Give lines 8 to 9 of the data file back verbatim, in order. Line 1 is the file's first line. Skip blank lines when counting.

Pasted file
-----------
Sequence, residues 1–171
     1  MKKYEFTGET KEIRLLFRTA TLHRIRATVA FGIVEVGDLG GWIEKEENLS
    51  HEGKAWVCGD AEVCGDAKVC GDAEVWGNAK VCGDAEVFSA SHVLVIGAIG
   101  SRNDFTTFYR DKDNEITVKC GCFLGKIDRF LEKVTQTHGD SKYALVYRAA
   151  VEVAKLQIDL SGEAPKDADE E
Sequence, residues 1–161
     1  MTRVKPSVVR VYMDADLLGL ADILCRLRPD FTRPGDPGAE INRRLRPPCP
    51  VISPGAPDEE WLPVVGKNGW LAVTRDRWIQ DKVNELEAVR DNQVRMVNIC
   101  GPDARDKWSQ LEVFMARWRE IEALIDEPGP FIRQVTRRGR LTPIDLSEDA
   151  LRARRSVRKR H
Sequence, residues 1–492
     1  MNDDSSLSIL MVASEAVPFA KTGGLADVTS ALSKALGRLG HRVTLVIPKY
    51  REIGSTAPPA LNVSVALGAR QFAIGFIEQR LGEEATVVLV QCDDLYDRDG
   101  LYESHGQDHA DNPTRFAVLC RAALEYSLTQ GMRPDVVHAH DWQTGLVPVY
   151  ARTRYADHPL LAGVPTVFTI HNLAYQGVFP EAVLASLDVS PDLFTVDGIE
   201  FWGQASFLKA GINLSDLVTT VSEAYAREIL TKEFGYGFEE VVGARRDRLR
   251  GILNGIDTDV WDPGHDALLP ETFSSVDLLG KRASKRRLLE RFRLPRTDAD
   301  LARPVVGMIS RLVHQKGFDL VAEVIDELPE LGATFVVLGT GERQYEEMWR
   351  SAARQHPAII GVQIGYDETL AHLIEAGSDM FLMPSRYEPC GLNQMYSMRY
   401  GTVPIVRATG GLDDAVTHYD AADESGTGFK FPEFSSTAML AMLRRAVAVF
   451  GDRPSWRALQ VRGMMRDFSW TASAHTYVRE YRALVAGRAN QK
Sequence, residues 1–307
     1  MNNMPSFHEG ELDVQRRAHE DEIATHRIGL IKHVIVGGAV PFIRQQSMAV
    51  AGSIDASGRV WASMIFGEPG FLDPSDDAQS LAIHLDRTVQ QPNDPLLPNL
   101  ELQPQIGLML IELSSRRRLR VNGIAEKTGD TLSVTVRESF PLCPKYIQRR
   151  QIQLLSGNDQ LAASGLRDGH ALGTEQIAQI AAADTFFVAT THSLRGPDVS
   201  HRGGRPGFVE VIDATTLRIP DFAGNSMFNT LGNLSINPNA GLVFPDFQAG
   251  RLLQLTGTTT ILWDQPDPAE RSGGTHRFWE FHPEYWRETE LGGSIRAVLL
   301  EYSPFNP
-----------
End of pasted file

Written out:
    51  VISPGAPDEE WLPVVGKNGW LAVTRDRWIQ DKVNELEAVR DNQVRMVNIC
   101  GPDARDKWSQ LEVFMARWRE IEALIDEPGP FIRQVTRRGR LTPIDLSEDA